As to the particular hand at the start of the thread, that flop was not great for an overpair multiway if the hand got to showdown. So many 2-pair and strong drawing hands got enough of it to continue. Be really cautious on any flop that dynamic if you have 1 pair and very little chance to improve.


#5

So I laid this hand down pretty good: https://www.replaypoker.com/hand/replay/453002106

KQ hearts, flopped 2 hearts, 2 deuces. I weigh my flush draw against possible danger from the pair of 2’s turning into a boat. Turn brings another deuce, I bail. No sense bringing a flush draw against that hand. But then, that should be flippin obvious to anyone.

Then blow a big hand with AK: https://www.replaypoker.com/hand/replay/453003827


#6

So the question I have is, why does the 15% bad beat happen to me 50% of the time? Is it because so many of the times when I would have won a showdown with AA, everyone folded? Then my EV is +(BB+SB) 50% of the time, -(All-in) 50% of the time, and +(All-in) once or twice in a blue moon.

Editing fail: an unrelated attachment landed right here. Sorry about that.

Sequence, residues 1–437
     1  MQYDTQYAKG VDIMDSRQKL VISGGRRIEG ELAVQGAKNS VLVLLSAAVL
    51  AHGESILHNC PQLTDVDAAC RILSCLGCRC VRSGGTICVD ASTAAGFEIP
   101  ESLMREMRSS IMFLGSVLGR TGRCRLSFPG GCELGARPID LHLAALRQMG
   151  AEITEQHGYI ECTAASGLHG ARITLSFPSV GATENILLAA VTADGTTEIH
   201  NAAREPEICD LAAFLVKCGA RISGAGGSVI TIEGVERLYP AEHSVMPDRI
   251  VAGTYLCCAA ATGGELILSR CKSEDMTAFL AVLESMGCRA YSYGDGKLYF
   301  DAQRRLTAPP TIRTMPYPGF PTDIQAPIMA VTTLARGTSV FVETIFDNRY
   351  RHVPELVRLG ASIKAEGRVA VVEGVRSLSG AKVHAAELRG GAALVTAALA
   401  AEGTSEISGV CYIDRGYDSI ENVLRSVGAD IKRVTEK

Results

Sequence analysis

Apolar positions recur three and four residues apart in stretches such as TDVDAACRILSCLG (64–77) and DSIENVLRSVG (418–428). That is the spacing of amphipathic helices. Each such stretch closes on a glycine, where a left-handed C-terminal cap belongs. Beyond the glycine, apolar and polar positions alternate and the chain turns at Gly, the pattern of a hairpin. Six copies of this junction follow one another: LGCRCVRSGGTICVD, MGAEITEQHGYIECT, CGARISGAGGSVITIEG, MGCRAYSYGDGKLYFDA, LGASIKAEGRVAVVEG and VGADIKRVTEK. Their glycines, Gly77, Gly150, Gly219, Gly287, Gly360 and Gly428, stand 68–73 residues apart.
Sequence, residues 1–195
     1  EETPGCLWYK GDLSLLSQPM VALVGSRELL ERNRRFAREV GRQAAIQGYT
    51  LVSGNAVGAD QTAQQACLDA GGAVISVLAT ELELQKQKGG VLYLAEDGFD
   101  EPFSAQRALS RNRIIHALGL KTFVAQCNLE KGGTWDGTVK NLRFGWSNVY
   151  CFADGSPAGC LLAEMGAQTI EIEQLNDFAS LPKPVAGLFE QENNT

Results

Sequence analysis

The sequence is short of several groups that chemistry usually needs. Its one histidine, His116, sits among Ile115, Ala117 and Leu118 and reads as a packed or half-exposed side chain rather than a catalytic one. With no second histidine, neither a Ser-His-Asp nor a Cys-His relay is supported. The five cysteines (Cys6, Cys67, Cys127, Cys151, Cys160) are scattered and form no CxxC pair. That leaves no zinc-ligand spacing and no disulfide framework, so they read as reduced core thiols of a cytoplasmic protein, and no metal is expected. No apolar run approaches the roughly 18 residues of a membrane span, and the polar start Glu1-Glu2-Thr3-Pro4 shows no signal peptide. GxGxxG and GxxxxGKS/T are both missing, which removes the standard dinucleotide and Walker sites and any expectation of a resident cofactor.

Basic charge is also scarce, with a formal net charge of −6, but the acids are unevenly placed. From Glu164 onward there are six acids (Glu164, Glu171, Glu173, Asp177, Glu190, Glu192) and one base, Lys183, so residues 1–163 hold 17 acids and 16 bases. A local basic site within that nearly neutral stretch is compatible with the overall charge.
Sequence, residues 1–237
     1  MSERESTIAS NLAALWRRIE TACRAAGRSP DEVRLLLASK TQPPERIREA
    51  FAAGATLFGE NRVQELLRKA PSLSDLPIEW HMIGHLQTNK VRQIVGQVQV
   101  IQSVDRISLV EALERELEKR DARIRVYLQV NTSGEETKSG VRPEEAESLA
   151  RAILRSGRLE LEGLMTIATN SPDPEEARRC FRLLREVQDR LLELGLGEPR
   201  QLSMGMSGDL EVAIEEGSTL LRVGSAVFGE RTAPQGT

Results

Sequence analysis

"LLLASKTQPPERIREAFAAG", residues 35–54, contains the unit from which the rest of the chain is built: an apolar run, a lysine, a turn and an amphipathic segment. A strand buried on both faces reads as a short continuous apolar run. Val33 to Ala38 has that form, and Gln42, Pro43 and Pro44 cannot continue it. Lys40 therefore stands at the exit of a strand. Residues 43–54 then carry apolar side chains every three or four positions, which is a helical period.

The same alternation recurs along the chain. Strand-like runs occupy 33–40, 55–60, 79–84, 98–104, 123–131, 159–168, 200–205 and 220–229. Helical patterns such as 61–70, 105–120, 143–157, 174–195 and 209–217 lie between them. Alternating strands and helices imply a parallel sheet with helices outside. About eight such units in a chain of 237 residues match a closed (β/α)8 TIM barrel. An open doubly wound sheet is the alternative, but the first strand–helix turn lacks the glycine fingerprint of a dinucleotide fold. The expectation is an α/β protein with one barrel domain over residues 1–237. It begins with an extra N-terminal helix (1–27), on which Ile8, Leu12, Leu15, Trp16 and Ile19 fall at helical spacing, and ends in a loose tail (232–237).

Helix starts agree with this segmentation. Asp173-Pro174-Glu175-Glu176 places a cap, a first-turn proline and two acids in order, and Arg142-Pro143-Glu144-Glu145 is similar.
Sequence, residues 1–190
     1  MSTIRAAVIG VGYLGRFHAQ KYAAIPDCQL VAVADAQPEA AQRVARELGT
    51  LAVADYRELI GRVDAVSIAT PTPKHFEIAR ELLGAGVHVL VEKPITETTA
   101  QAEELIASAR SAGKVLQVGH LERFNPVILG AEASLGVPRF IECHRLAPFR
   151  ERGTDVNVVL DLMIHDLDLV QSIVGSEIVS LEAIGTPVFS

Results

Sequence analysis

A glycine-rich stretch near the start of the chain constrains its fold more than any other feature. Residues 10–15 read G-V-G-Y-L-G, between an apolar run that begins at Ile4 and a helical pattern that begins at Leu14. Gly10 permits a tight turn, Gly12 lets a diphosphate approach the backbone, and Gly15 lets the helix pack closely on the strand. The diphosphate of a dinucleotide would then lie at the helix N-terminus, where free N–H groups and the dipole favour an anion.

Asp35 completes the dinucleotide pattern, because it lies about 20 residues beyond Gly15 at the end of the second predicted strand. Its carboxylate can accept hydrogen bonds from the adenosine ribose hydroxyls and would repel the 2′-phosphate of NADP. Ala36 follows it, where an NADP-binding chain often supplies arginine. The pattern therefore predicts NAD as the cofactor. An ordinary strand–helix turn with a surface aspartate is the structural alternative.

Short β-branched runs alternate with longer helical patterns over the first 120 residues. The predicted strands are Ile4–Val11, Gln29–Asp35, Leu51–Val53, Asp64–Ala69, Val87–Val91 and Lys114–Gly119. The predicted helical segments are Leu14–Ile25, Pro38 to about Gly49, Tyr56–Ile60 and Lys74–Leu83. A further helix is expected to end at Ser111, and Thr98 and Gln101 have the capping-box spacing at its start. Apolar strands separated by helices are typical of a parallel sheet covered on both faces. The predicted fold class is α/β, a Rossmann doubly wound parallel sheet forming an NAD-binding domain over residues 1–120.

AA sucks. It’s the worst hand to play.


#7

That’s an easy one. AA has about 80% equity heads up, but as you add competitors, that drops a lot. If there are five players heading to the flop, as often happens in lower-stakes Replay games, you’ll only have about 50% equity. That’s why you need to raise big preflop and knock out most of the rest of the field.


#8

That’s what I mean. When I do a big raise, there are 3 outcomes:

  1. Everyone folds, and I get the blinds. Mostly this is what happens when I have it in early position. I could try check-raising, but it’s uncommon that anyone raises on limp-friendly tables.
  2. I raise big, and get 4-5 callers, and get beat. I get told I didn’t raise high enough, I try various ranges and there’s like a 2-chip difference between “everyone calls” and “everyone folds”
  3. I raise big, one idiot suicide-calls with like 4-2, and hits 2 pair or a straight.
  4. Once in a while I actually win a decent-sized pot with top pair, AA, 2 Pair AAxx, or Trip Aces.

But it feels oddly low percentage for such a strong hand. I’m sure there’s some confirmation bias going on, but I swear my EV with AA is terrible, well off what probability suggests it should be, and quite possibly negative.


#9

try altering your betsizing on the players you’re playing against.